(2.7 MB XLS)
Table S8. GO Signature Tables for High and Low Biological Variance Genes
(197 KB XLS)
The Entrez Gene (http://www.ncbi.nlm.nih.gov/entrez/query.fcgi?db=gene) accession numbers for the genes and gene products discussed in this paper are Cd3g (12502), Cd3d (12500), Cd3e (12501), Cd3z (12503), Zap70 (22637), Cd8a (12525), Cd8b1 (12526), Tal1/Scl-1 (21349), Ctla2b (13025), Abcb1b/Mdr1 (18669), Abcg2 (26357), Twsg1 (65960), Zfx (22764), E2f1 (13555), Ccna2 (12428), Hba-a1 (15122), Hbb (15127), Hbb-b2 (15130), Cd14 (12475), Ly6c (17067), Ly6a/Sca-1 (110454), Lmo2 (16909), Ctla2a (116913), Mpl/TPO-R (17480), Flt3/Flk-2 (14255), Cxcr4 (12767), Lyl1 (17095), Apex1 (11792), Ercc2 (13871), Lig1 (16881), Pttg1 (30939), Runx2 (12393), and Cbfb (12400).
We thank Dr. Susan Hilsenbeck for statistical advice, Mike Cubbage for expert cell sorting, and Dr. Lisa White of the Baylor College of Medicine Microarray Core Facility.
CAR, TAB, NCB, AAM, and MAG conceived and designed the experiments. CAR, TAB, NCB, AAM, YZ, and IP performed the experiments. CAR, TAB, NCB, AAM, CAS, and MAG analyzed the data. SAWF and CAS contributed reagents/materials/analysis tools. CAR and MAG wrote the paper.
- 1. Ferrari G, Cusella-De Angelis G, Coletta M, Paolucci E, Stornaiuolo A, et al. (1998) Muscle regeneration by bone marrow-derived myogenic progenitors. Science 279: 1528–1530.
- 2. Gussoni E, Soneoka Y, Strickland CD, Buzney EA, Khan MK, et al. (1999) Dystrophin expression in the mdx mouse restored by stem cell transplantation. Nature 401: 390–394.
- 3. Bjornson CR, Rietze RL, Reynolds BA, Magli MC, Vescovi AL (1999) Turning brain into blood: a hematopoietic fate adopted by adult neural stem cells in vivo. Science 283: 534–537.
- 4. Brazelton TR, Rossi FM, Keshet GI, Blau HM (2000) From marrow to brain: Expression of neuronal phenotypes in adult mice. Science 290: 1775–1779.
- 5. Lagasse E, Connors H, Al-Dhalimy M, Reitsma M, Dohse M, et al. (2000) Purified hematopoietic stem cells can differentiate into hepatocytes in vivo. Nat Med 6: 1229–1234.
- 6. Mezey E, Chandross KJ, Harta G, Maki RA, McKercher SR (2000) Turning blood into brain: Cells bearing neuronal antigens generated in vivo from bone marrow. Science 290: 1779–1782.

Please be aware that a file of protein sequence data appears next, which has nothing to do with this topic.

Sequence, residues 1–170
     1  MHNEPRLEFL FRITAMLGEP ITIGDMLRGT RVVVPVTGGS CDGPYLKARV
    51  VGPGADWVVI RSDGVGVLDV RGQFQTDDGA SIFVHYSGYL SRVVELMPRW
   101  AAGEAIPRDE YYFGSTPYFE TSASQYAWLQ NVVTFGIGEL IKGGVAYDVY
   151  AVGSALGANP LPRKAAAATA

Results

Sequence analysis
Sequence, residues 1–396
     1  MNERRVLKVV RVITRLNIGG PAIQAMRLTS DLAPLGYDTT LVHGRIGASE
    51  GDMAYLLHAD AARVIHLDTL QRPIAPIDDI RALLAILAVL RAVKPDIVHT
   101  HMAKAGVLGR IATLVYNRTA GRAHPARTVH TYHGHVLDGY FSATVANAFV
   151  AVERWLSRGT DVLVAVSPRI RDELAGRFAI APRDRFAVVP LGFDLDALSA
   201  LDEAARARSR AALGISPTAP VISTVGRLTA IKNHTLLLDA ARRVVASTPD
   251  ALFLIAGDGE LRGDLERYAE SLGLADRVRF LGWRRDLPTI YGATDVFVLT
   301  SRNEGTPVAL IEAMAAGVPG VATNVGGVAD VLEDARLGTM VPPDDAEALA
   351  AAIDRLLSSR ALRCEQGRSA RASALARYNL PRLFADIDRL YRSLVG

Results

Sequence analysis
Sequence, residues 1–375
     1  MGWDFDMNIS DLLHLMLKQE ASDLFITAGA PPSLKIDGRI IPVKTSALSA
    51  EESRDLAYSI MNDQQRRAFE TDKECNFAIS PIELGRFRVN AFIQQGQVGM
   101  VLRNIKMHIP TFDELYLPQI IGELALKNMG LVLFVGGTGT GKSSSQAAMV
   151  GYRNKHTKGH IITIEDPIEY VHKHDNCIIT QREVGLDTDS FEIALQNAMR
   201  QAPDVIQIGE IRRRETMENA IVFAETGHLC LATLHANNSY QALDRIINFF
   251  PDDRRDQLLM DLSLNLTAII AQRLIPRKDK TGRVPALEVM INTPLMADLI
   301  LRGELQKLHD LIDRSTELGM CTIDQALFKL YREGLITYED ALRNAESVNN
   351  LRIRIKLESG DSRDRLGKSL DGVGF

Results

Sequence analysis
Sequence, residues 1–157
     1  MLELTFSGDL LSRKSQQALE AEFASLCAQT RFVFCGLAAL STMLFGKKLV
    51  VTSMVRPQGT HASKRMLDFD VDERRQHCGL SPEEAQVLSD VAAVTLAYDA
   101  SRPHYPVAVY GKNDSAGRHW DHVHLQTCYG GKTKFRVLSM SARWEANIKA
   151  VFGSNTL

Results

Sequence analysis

- 7. Jackson KA, Majka SM, Wang H, Pocius J, Hartley CJ, et al. (2001) Regeneration of ischemic cardiac muscle and vascular endothelium by adult stem cells. J Clin Invest 107: 1395–1402.
- 8. Krause DS, Theise ND, Collector MI, Henegariu O, Hwang S, et al. (2001) Multi-organ, multi-lineage engraftment by a single bone marrow-derived stem cell. Cell 105: 369–377.
- 9. Keller G, Snodgrass R (1990) Life span of multipotential hematopoietic stem cells in vivo. J Exp Med 171: 1407–1418.
- 10. Jordan CT, Lemischka IR (1990) Clonal and systemic analysis of long-term hematopoiesis in the mouse. Genes Dev 4: 220–232.
- 11. Terskikh AV, Easterday MC, Li L, Hood L, Kornblum HI, et al. (2001) From hematopoiesis to neuropoiesis: Evidence of overlapping genetic programs. Proc Natl Acad Sci U S A 98: 7934–7939.
- 12. Phillips RL, Ernst RE, Brunk B, Ivanova N, Mahan MA, et al. (2000) The genetic program of hematopoietic stem cells. Science 288: 1635–1640.
- 13. Ramalho-Santos M, Yoon S, Matsuzaki Y, Mulligan RC, Melton DA (2002) “Stemness”: Transcriptional profiling of embryonic and adult stem cells. Science 298: 597–600.
- 14. Ivanova NB, Dimos JT, Schaniel C, Hackney JA, Moore KA, et al. (2002) A stem cell molecular signature. Science 298: 601–604.
- 15. Park IK, He Y, Lin F, Laerum OD, Tian Q, et al. (2002) Differential gene expression profiling of adult murine hematopoietic stem cells. Blood 99: 488–498.
- 16. Venezia TA, Merchant AA, Ramos CA, Whitehouse NL, Young AS, et al. (2004) Molecular signatures of proliferation and quiescence in hematopoietic stem cells. PLoS Biol 2: e301.. DOI: 10.1371/journal.pbio.0020301.
- 17. Zhong JF, Zhao Y, Sutton S, Su A, Zhan Y, et al. (2005) Gene expression profile of murine long-term reconstituting vs. short-term reconstituting hematopoietic stem cells. Proc Natl Acad Sci U S A 102: 2448–2453.
- 18. Osawa M, Hanada K, Hamada H, Nakauchi H (1996) Long-term lymphohematopoietic reconstitution by a single CD34-low/negative hematopoietic stem cell. Science 273: 242–245.
- 19. Spangrude GJ, Heimfeld S, Weissman IL (1988) Purification and characterization of mouse hematopoietic stem cells. Science 241: 58–62.
- 20. Weissman IL, Heimfeld S, Spangrude G (1989) Haemopoietic stem cell purification. Immunol Today 10: 184–185.
- 21. Uchida N, Weissman IL (1992) Searching for hematopoietic stem cells: Evidence that Thy-1.1lo Lin- Sca-1+ cells are the only stem cells in C57BL/Ka-Thy-1.1 bone marrow. J Exp Med 175: 175–184.
- 22. Goodell MA, Rosenzweig M, Kim H, Marks DF, DeMaria M, et al. (1997) Dye efflux studies suggest that hematopoietic stem cells expressing low or undetectable levels of CD34 antigen exist in multiple species. Nat Med 3: 1337–1345.